The final song that I used in my videos was Robert Johnson’s “Cross Road Blues.” There are two versions of it. This is the slower version and strikes me as more haunting, although the two versions are similar. The song tells the story of the singer going down to the crossroads and trying to catch a ride. But no one stops, “Didn’t nobody seem to know me.” And he’s praying to God that he gets a ride before nightfall.
It seems like a spiritual: when humans let you down, you can always turn to God. But the thing about such songs is that they never have a happy ending. Indeed, they have no ending at all. This is because they are all about faith. God will reward the faithful. I don’t much see it myself. To me, we live in a world of callousness and loneliness with nothing but our own thoughts to keep us company.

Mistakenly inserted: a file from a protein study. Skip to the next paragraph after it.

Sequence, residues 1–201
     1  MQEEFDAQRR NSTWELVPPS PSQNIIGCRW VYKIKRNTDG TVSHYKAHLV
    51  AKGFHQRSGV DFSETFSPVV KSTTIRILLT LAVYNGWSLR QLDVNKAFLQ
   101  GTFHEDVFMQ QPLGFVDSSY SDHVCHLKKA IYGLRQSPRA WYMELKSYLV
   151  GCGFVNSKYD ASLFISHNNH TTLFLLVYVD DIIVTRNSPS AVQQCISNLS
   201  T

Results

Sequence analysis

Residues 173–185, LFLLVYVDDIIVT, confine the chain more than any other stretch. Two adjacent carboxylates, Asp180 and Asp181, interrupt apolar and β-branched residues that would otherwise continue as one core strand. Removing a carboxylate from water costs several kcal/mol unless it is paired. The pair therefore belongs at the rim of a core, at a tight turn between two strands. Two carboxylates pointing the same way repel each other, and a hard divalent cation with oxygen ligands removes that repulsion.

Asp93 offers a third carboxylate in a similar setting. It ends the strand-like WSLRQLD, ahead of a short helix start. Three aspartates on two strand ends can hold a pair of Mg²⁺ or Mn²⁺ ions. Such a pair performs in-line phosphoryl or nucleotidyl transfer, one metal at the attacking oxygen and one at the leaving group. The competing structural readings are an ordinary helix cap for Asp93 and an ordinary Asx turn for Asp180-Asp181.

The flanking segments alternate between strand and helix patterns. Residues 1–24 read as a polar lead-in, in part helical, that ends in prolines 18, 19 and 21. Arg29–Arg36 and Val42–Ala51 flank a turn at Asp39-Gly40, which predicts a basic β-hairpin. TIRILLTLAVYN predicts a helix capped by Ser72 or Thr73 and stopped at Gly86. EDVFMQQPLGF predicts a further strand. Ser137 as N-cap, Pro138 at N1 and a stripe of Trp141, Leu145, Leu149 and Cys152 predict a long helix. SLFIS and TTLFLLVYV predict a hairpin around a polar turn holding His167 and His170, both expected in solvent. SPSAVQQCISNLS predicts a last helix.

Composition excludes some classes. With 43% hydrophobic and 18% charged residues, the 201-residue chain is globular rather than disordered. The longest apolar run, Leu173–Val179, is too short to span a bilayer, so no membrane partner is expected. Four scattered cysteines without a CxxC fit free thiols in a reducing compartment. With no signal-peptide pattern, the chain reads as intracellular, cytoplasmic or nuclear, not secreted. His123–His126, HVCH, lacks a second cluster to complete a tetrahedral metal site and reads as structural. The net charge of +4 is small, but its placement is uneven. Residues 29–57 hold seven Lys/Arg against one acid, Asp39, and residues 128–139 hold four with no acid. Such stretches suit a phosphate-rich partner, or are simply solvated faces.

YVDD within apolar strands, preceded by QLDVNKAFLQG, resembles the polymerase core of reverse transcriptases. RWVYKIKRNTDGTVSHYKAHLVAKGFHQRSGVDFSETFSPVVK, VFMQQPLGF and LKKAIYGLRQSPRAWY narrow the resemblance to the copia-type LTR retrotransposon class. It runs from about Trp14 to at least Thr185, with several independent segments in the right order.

When I think seriously about the human condition, I’m very disturbed. We are, in our consciousness, completely cut off from other people. We are, in fact, totally alone. But we are so used to the idea that there are others around to interact with that the clear view of reality it terrifying. We are all down at the crossroads trying to flag a ride. But it isn’t that they don’t know us; they don’t even know we exist because they are all so lost in their own lonely delusions.
As for the music on “Cross Road Blues,” well, it’s amazing. I’m still struck with just how modern it sounds. It probably helps that just about every rock musician has recorded the song. But there’s something more than that. There’s a reason that Robert Johnson stands out compared to other musicians of that period in the Mississippi delta. It’s hard to believe it’s just one man and a guitar performing.